Atlanta, the cradle of the civil rights movement, finally has a museum that tells its story.
On Monday, June 23, 2014, the National Center for Civil and Human Rights opened its doors, offering visitors a history of the freedom movement in this country (told from Atlanta’s perspective) and an accounting of the modern human rights activism that civil rights pioneers inspired.
The NCCHR is housed downtown in an elegantly curved structure with a moss lawn for a roof. Its immediate neighbors in the Pemberton Place tourist mecca are the World of Coke and the Georgia Aquarium; nearby are Centennial Olympic Park and the CNN Center.
In comparison to these lighthearted attractions, the downtown facility offers more serious fare: scholarship, a walk through history and some consciousness-raising.
Exhibitions director David Mandel said the average visitor — the “stroller” — will spend 75 minutes at the center. (Less for “streakers,” more for “scholars.”) All tours are self-guided and will take visitors to any or all of three galleries.
Outside of the King collection, the center is not a repository of artifacts. Instead, it is what Mandel calls “experiential.”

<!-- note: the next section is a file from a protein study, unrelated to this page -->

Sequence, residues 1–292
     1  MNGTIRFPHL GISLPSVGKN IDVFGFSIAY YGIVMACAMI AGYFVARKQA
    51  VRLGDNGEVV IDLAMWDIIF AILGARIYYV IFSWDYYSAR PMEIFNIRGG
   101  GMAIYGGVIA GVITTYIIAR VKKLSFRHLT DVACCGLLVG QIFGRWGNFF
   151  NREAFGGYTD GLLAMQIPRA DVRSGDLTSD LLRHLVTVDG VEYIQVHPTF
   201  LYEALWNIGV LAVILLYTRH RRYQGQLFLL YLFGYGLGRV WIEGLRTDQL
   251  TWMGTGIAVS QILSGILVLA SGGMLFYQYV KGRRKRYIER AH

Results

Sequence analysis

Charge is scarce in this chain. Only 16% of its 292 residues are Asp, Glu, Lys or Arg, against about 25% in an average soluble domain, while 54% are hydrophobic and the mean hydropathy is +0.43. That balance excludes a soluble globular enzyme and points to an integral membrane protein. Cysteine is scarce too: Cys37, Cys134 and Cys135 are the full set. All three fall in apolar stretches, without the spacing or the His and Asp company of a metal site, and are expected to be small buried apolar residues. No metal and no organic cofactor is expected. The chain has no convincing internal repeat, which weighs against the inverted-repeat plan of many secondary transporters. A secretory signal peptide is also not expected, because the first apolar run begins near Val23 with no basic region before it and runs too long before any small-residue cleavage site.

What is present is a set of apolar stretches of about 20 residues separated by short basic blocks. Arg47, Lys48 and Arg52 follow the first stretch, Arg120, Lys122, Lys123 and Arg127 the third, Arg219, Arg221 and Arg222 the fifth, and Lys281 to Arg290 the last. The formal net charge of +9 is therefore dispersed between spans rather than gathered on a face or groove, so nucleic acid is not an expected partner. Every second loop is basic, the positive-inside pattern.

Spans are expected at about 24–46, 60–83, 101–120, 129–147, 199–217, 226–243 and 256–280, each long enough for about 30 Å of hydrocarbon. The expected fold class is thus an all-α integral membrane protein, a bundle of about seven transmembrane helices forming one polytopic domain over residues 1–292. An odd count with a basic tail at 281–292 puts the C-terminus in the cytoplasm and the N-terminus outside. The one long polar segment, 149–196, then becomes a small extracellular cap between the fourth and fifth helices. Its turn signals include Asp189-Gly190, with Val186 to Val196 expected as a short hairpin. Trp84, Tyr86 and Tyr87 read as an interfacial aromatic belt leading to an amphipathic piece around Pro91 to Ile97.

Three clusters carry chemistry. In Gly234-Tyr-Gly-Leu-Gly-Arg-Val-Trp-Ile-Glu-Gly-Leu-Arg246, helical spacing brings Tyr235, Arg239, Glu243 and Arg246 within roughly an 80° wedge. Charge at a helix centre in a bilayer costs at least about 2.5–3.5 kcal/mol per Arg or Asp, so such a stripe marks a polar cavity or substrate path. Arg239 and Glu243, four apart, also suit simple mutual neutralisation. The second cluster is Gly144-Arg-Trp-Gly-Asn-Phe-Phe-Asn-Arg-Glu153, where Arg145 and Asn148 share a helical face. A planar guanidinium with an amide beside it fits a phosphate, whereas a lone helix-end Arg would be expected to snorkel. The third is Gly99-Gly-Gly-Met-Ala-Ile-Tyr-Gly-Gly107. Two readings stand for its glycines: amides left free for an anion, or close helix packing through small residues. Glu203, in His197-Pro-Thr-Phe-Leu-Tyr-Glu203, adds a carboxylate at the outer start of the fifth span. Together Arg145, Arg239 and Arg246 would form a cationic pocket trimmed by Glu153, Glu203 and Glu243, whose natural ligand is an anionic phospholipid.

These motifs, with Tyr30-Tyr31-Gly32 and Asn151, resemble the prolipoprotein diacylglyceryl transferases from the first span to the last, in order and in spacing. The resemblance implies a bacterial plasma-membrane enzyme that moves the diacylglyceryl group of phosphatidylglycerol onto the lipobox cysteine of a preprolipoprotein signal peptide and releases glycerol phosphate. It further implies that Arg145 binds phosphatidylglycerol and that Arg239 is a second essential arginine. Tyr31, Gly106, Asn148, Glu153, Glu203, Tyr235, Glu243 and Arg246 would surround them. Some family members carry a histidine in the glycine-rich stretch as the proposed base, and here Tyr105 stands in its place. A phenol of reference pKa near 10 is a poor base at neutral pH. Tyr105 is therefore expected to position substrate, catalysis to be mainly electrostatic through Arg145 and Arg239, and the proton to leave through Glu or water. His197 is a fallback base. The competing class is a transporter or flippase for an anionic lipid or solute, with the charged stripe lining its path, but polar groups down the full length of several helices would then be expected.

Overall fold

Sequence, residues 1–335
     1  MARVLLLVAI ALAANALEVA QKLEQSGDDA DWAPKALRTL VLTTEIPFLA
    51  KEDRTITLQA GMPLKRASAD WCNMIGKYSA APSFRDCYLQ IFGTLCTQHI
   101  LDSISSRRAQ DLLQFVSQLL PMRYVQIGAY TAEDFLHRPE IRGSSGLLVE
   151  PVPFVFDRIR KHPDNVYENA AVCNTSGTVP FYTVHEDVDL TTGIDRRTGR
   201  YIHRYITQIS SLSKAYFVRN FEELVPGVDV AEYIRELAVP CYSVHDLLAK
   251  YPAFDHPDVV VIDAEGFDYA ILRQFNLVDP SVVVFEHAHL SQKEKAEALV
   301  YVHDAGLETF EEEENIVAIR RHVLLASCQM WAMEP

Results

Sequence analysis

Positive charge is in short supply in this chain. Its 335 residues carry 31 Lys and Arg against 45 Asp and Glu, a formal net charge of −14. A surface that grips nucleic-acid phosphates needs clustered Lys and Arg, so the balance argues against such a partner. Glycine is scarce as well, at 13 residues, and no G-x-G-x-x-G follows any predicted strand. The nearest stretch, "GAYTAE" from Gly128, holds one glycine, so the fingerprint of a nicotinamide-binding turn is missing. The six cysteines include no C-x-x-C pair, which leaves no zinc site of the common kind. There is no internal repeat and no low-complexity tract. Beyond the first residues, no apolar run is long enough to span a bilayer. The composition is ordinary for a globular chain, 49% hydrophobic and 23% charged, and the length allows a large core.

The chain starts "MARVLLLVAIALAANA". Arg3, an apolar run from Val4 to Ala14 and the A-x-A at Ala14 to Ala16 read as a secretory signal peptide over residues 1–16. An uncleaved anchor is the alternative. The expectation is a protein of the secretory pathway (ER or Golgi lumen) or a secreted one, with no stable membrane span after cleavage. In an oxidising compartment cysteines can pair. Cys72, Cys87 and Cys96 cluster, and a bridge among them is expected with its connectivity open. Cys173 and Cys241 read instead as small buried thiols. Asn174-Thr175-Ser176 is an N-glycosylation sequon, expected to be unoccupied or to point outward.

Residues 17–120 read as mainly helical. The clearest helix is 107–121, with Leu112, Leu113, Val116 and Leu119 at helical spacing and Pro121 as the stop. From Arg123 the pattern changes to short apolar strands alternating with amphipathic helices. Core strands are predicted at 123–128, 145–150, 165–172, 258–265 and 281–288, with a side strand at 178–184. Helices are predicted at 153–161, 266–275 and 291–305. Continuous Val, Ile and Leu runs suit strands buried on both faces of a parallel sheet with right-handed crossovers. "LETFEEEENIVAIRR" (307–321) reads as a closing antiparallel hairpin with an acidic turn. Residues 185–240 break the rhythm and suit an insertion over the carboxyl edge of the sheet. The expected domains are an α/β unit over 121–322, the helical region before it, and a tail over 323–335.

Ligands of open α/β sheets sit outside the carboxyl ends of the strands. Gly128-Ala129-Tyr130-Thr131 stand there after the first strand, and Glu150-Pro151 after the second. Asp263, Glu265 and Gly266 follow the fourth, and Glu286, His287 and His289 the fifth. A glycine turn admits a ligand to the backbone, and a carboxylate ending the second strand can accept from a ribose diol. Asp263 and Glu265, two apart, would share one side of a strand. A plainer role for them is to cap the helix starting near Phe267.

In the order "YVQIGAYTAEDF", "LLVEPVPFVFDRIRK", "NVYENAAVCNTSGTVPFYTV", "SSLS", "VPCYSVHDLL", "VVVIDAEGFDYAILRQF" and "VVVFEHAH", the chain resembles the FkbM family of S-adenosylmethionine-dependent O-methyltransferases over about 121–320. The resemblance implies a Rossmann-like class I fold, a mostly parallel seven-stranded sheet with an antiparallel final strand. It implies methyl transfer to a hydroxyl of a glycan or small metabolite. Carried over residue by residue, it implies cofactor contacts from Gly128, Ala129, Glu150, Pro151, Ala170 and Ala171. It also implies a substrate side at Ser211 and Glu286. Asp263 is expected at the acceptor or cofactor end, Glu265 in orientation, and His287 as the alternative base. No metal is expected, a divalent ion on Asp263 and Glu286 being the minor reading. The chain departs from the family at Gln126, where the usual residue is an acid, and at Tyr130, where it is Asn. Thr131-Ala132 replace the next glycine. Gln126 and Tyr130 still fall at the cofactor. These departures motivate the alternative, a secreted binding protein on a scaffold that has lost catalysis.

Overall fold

Here’s what to expect there:
Rolls Down Like Water: The American Civil Rights Movement
This gallery was curated by George C. Wolfe, a Tony Award-winning playwright and director, best-known for directing “Bring in ‘da Noise/Bring in ‘da Funk” and “Angels in America — Millennium Approaches.” This is his first museum — not including the fictional attraction in his 1986 play “The Colored Museum.” As might be expected, he has created a theatrical experience.
Visitors enter this gallery on the second floor of the 42,000-square-foot center. They walk through a compact anteroom papered with everyday scenes from the pre-civil rights era. On the right, in neon script, is the word “Colored,” over photos of nightlife on Auburn Avenue, the Black Crackers baseball team and church services. On the left under “White” are similar scenes — featuring bobby soxers and college football.